The Supreme Tax Court has held that the gain from the early abandonment of a hedge is to be taxed as a separate item, rather than as part of the results of the main Transaction.
A privately held asset management business held a number of properties for letting. These properties were primarily financed from bank loans at fixed or variable interest rates. The business hedged its interest rate risks with a series of interest swaps. These swaps were set to coincide with the individual risks. However, at one point, the management reassessed its view of the market situation and concluded that the hedges were no longer necessary. It thus took advantage of early break clauses in the contracts to wind up the hedged transactions. A series of gains resulted. The tax office saw these gains as part of the rental activities and taxable as such. The business saw them as short term gains from speculation in other assets that were only taxable if wound up within one year of opening. However, the one-year period had already passed in each case.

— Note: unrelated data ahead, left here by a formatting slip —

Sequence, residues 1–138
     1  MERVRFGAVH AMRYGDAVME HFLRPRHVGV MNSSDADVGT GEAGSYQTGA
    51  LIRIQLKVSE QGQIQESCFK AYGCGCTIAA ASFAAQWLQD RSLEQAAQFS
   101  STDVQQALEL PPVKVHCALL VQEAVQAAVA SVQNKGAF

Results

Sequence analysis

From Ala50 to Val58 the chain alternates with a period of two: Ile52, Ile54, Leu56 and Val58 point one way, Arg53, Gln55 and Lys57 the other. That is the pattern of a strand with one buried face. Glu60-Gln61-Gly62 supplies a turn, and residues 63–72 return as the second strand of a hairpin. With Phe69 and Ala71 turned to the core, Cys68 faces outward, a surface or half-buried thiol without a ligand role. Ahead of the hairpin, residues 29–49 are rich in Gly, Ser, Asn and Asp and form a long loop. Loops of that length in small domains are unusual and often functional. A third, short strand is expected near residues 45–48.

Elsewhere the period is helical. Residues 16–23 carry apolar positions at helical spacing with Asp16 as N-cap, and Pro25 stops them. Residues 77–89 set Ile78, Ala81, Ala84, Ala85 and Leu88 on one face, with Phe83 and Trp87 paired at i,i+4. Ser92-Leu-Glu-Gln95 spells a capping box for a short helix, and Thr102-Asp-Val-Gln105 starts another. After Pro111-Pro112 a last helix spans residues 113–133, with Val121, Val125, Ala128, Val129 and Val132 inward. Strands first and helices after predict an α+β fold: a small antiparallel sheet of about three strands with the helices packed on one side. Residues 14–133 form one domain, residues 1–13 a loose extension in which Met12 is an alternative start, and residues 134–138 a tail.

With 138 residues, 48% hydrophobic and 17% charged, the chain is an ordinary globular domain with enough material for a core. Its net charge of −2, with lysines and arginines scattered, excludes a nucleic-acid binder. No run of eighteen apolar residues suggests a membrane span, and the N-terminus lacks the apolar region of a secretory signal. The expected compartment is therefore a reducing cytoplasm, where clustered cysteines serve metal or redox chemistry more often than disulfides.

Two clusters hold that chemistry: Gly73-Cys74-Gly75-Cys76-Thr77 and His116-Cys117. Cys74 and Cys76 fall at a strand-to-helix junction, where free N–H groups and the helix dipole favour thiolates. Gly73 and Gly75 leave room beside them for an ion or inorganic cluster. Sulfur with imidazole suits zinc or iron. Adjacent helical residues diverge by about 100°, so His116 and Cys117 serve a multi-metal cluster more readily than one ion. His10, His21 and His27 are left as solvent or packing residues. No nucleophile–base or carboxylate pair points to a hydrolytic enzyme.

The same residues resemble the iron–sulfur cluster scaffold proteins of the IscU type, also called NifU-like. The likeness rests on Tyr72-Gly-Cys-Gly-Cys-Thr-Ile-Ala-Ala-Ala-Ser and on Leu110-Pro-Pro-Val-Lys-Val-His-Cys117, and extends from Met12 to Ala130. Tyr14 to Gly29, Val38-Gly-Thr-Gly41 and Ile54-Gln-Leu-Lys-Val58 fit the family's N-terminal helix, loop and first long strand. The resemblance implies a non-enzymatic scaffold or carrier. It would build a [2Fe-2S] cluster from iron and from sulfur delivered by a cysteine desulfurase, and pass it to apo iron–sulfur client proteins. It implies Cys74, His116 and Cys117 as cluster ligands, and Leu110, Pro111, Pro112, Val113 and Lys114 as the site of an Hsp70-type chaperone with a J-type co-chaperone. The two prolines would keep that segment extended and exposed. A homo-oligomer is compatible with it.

The Supreme Tax Court has now held that the gains from the release of the hedges are to be taxed as short-term gains from speculation. They were achieved from the sale of the asset – the claim to an interest swap – and were thus not, or no longer, linked to the property or the income therefrom. This applied even if one took the view that the hedge had been made for the sole purpose of protecting the income from the property. Winding up the hedge destroyed the link to its original purpose and thus to the property income.
Note: following a change in the law, these gains would now rank as investment income and be taxable regardless of the holding period of the security.
Supreme Tax Court judgment IX R 13/14 of January 13, 2015